Transcriptional consequences of MBD5 disruption in mouse brain and CRISPR-derived neurons

Catarina M. Seabra, Tatsiana Aneichyk, Serkan Erdin, Derek J.C. Tai, Celine E.F. De Esch, Parisa Razaz, Yu An, Poornima Manavalan, Ashok Ragavendran, Alexei Stortchevoi, Clemer Abad, Juan I. Young, Patricia MacIel, Michael E. Talkowski, James F. Gusella

Research output: Contribution to journalArticle

Abstract

Background: MBD5, encoding the methyl-CpG-binding domain 5 protein, has been proposed as a necessary and sufficient driver of the 2q23.1 microdeletion syndrome. De novo missense and protein-truncating variants from exome sequencing studies have directly implicated MBD5 in the etiology of autism spectrum disorder (ASD) and related neurodevelopmental disorders (NDDs). However, little is known concerning the specific function(s) of MBD5. Methods: To gain insight into the complex interactions associated with alteration of MBD5 in individuals with ASD and related NDDs, we explored the transcriptional landscape of MBD5 haploinsufficiency across multiple mouse brain regions of a heterozygous hypomorphic Mbd5 +/GT mouse model, and compared these results to CRISPR-mediated mutations of MBD5 in human iPSC-derived neuronal models. Results: Gene expression analyses across three brain regions from Mbd5 +/GT mice showed subtle transcriptional changes, with cortex displaying the most widespread changes following Mbd5 reduction, indicating context-dependent effects. Comparison with MBD5 reduction in human neuronal cells reinforced the context-dependence of gene expression changes due to MBD5 deficiency. Gene co-expression network analyses revealed gene clusters that were associated with reduced MBD5 expression and enriched for terms related to ciliary function. Limitations: These analyses included a limited number of mouse brain regions and neuronal models, and the effects of the gene knockdown are subtle. As such, these results will not reflect the full extent of MBD5 disruption across human brain regions during early neurodevelopment in ASD, or capture the diverse spectrum of cell-type-specific changes associated with MBD5 alterations. Conclusions: Our study points to modest and context-dependent transcriptional consequences of Mbd5 disruption in the brain. It also suggests a possible link between MBD5 and perturbations in ciliary function, which is an established pathogenic mechanism in developmental disorders and syndromes.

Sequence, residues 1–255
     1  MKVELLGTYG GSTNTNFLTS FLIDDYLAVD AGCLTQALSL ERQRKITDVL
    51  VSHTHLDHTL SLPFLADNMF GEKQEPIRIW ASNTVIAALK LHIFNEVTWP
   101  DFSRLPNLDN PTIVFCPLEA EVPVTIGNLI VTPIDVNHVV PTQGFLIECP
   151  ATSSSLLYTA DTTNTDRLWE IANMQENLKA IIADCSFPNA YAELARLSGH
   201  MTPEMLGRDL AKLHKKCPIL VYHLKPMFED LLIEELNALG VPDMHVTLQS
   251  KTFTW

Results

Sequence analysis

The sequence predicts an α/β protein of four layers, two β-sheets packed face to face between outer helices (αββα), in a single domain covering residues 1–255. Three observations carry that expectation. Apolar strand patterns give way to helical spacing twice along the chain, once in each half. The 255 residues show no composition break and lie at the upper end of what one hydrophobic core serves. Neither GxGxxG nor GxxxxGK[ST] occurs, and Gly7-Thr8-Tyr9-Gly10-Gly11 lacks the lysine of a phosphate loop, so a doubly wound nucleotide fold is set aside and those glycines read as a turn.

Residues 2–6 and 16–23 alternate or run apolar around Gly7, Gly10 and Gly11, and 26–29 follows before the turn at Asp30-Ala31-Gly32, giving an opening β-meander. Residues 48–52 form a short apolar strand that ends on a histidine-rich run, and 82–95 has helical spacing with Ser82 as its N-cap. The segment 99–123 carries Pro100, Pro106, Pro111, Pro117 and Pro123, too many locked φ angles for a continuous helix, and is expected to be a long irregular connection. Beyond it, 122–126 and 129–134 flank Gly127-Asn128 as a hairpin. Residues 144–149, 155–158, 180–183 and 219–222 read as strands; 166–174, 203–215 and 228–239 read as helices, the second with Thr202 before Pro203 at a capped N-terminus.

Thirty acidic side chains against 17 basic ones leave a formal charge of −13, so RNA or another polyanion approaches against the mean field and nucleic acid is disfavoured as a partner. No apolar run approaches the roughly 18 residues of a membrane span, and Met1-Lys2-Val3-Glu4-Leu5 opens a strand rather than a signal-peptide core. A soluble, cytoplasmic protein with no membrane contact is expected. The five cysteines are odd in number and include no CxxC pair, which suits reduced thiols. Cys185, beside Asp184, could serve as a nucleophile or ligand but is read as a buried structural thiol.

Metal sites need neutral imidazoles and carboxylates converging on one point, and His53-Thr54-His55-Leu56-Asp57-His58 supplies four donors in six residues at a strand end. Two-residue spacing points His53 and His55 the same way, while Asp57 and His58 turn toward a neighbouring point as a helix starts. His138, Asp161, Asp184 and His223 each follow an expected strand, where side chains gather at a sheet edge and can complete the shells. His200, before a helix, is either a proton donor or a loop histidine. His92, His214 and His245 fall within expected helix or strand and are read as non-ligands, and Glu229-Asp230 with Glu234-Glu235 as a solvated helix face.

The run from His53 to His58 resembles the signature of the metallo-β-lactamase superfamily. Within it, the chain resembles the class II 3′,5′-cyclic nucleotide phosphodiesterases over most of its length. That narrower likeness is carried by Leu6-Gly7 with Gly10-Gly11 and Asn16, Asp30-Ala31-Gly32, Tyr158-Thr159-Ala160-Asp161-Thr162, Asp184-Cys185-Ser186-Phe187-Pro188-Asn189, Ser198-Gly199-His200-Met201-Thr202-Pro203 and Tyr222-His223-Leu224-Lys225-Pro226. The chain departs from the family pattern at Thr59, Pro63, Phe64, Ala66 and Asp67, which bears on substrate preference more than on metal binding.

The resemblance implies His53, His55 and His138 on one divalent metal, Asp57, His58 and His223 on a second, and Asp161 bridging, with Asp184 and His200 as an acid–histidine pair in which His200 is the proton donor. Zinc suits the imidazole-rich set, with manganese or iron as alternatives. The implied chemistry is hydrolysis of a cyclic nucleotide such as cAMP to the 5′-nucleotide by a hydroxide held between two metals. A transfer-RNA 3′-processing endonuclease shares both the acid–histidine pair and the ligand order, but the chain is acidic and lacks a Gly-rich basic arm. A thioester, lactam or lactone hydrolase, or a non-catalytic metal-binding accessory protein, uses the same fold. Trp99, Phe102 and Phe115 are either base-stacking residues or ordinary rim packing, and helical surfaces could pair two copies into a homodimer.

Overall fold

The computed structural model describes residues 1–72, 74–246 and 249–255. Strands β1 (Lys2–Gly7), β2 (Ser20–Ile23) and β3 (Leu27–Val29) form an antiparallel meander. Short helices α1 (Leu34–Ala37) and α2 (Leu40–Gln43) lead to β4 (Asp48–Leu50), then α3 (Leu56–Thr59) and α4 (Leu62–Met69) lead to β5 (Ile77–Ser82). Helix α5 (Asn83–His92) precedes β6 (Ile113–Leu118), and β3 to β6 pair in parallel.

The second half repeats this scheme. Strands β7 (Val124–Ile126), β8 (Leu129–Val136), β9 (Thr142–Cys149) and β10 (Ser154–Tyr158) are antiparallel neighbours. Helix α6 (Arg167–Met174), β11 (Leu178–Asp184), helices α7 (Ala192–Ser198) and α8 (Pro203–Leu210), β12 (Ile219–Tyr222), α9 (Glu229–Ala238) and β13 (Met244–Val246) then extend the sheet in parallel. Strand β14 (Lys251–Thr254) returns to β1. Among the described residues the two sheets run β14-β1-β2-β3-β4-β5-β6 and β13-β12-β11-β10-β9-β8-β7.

Original languageEnglish (US)
Article number45
JournalMolecular Autism
Volume11
Issue number1
DOIs
StatePublished - Jun 5 2020

Keywords

  • Autism spectrum disorder
  • CRISPR
  • MBD5
  • Mouse
  • NDD
  • Neurons
  • Transcriptomics

ASJC Scopus subject areas

  • Molecular Biology
  • Developmental Neuroscience
  • Developmental Biology
  • Psychiatry and Mental health

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  • Cite this

    Seabra, C. M., Aneichyk, T., Erdin, S., Tai, D. J. C., De Esch, C. E. F., Razaz, P., An, Y., Manavalan, P., Ragavendran, A., Stortchevoi, A., Abad, C., Young, J. I., MacIel, P., Talkowski, M. E., & Gusella, J. F. (2020). Transcriptional consequences of MBD5 disruption in mouse brain and CRISPR-derived neurons. Molecular Autism, 11(1), [45]. https://doi.org/10.1186/s13229-020-00354-1